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Since my R8 doesn't have dual card slots, should I just never shoot weddings ever?

warne59
Apprentice

I hear it's not safe to risk it, at least not as the primary shooter. If that's true, should I just save up for a body with a dual card slots, like the R6MII for example? What kind of gigs are safe to do with a single card slot?

4 REPLIES 4

rs-eos
Elite
Elite

It's always best to have dual card slots for crucial events.  Though it will be more important to have a solid data plan in place.  i.e. how soon after the event is over, will you back up those cards? Do you have redundant storage either locally and/or the cloud?

Having said that, there are some things you can do to ensure things go as well as possible for cameras with just a single slot:

  • Always use full-sized cards from reputable brands purchased from reputable companies.  e.g. do not trust places like Amazon which often have counterfeit cards.
  • Always fully format the card before the event.  Also though format the card and ensure it can be written to and read from before the event.
  • Hire on a second shooter.
  • Capture in RAW+JPEG.  This gives you at least some form of immediate backup.  Albeit with different formats of the images.  While a card could indeed still fail, if RAW images become corrupt, at least you'd have a JPEG as a backup.
  • Offload images as often as possible.  Either bring a laptop or other device with you where you can sync all files (to include RAW).  Portable drive solutions also exist where you can make copies of the card data.

At the end of the day, things happen, but you want to minimize the impact of that.  Especially for once-in-a-lifetime events for your clients.

--
Ricky

Camera: EOS 5D IV, EF 50mm f/1.2L, EF 135mm f/2L
Lighting: Profoto Lights & Modifiers

Excellent advice from an excellent source.  I would only add do not shoot with the same card all day long, for the entire event.  

There will always be periodic breaks. CHANGE to a freshly formatted card.

--------------------------------------------------------
"The right mouse button is your friend."

wq9nsc
Authority
Authority

Excellent advice from Ricky and I will add a couple more:

1.  Always have a second body and lens with you for any critical event.  Either/both can fail unexpectedly.  Having a second body also allows you to take shots with both using different focal length glass which gives you both separate presentations of the same scenes AND it provides a very robust form of backup.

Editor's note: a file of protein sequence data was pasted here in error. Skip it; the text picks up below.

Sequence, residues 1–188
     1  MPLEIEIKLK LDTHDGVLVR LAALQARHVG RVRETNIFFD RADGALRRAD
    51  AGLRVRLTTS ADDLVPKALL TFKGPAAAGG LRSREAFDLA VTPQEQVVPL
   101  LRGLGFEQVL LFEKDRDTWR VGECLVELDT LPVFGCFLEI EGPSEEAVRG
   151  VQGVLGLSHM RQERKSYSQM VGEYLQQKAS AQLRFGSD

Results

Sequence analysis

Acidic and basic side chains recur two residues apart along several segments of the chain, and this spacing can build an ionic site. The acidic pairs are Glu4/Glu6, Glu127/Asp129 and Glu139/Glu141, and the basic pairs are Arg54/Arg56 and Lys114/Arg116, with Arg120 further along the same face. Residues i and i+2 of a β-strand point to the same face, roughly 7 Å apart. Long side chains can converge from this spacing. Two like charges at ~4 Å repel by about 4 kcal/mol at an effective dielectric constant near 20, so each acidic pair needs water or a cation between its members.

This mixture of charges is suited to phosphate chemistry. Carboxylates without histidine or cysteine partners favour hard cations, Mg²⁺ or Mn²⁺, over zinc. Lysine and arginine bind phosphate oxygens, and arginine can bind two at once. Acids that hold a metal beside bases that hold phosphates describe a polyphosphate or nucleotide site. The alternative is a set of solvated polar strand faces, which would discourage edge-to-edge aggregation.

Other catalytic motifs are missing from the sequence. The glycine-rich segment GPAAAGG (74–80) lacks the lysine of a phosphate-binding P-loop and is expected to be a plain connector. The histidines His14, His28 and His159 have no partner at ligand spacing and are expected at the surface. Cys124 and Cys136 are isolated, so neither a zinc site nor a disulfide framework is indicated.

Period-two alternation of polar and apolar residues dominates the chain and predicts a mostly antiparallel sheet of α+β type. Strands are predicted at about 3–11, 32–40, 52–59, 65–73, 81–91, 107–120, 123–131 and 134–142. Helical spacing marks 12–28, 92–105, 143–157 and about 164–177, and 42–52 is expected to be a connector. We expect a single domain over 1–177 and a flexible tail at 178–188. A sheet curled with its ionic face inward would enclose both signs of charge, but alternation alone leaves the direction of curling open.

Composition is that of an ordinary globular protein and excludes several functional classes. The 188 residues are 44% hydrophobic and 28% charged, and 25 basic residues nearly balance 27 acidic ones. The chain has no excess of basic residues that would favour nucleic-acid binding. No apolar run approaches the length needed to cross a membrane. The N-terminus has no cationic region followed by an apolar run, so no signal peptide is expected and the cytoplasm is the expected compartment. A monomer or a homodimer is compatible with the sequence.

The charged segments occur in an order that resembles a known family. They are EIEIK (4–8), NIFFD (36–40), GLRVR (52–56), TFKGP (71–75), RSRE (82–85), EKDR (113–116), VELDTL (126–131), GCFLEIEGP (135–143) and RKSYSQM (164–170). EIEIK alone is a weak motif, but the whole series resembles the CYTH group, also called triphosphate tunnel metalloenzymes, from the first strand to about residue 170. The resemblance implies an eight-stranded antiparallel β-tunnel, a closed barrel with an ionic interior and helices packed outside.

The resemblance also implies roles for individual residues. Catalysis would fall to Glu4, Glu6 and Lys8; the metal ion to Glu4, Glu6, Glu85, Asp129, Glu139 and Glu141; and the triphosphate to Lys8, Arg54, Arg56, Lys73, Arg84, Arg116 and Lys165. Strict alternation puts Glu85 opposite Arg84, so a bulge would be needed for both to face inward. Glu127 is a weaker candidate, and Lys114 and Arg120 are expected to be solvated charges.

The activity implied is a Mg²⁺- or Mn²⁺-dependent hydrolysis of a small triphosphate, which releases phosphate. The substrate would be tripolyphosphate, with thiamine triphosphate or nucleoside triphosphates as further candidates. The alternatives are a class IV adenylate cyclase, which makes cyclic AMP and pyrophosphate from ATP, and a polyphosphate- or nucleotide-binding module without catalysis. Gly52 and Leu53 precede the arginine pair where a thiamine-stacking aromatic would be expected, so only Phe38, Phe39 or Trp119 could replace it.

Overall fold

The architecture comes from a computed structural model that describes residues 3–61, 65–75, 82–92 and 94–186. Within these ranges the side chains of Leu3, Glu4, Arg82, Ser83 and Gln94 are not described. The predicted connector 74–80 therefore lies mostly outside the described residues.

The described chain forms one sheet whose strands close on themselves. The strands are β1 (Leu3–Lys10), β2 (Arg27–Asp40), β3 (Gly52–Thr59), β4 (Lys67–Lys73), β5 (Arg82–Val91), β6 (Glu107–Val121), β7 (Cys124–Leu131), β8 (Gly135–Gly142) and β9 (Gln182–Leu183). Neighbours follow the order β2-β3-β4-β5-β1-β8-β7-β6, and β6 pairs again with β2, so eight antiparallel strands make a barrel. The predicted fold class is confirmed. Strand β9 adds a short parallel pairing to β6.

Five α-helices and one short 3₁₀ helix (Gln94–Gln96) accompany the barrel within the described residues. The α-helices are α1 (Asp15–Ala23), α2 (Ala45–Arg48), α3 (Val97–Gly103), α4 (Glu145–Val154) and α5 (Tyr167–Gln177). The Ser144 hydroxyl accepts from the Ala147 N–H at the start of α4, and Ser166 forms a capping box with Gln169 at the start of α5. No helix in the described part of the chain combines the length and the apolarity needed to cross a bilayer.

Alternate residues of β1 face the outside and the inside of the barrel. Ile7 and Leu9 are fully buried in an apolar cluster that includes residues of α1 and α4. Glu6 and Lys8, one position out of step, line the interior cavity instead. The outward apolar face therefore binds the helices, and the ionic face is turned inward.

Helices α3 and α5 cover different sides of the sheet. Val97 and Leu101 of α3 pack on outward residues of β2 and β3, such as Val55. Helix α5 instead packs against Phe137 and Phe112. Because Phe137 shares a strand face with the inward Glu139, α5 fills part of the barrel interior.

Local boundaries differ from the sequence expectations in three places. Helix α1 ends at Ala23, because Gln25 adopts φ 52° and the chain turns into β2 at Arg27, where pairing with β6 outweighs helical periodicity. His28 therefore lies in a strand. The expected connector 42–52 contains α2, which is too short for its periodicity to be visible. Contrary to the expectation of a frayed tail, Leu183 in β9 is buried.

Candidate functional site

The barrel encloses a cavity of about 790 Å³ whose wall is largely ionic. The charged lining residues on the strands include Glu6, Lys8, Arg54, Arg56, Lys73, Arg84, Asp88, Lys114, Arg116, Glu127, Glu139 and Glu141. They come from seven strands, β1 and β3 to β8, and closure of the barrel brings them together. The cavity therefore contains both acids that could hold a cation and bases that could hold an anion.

2.  After you do that low level format in the camera, move the menu setting to a different non-destructive menu choice so an unintended button push or jostling a camera left powered up doesn't result in formatting your card.

Redundant cards aren't a bad idea BUT there are a lot of sources of failure that dual cards don't address (like a camera board failure that writes destructive data to both your cards) or theft of the camera before you have the data in a safe place.

I shoot primarily sports and although I wouldn't want to lose a play it wouldn't be as critical losing part of a wedding ceremony.  I use only Canon 1 series for sports and these all have dual card slots but I never have both written simultaneously.  In nearly 2 decades of use and shooting hundreds of events, I have never had a data/card issue with these bodies.

I spent much of my career working with enterprise risk management; having a card fail is only one of many potential things that can happen resulting in you not capturing/losing images from a critical event.  So don't focus on dual cards to the exclusion of all of the other risks that need to be managed.

Rodger

EOS 1DX M3, 1DX M2, 1DX, 5DS R, M6 Mark II, 1D M2, EOS 650 (film), many lenses, XF400 video

Tronhard
Elite
Elite

Since your question assumedly indicates that you are pretty new to wedding photography, I would suggest you consider how you will shoot the wedding to get the best results for you and the celebrants' parties and guests.

In that respect, I recommend looking on You Tube for Vanessa Joy, who is a wedding and events specialist.  She has quite a few videos you may find useful on what to shoot and how to do it. You can contact her to ask specific questions too, I believe.
Also, be aware that emotions can run high during a wedding, and there can be a lot of PR efforts required to get people where you need them to be, and to not ruffle any feathers.
One thing to discuss with the bridal party is cell phones. A lot of guests will bring them to the event wanting to get their own shots.  This can be very problematic if you are providing the 'official' images - for example, as the happy couple go down the isle and you line up to get those classical images, it's a killer when guests step out with arms extended to shoot with a phone in front of you.   Quite a few wedding photographers ask the organizers to tell people to NOT take photos and videos of their own at certain parts of the nuptials.
If you are planning to do this on a paying client basis, you will need a contract that clearly lays out what you will provide and in what form, and for what price.   Even if it is as a volunteer, you need to know what they expect and some kind of memorandum may be of use instead.


cheers, TREVOR

"All the variety, all the charm, all the beauty of life is made up of light and shadow", Leo Tolstoy;
"Skill in photography is acquired by practice and not by purchase" Percy W. Harris
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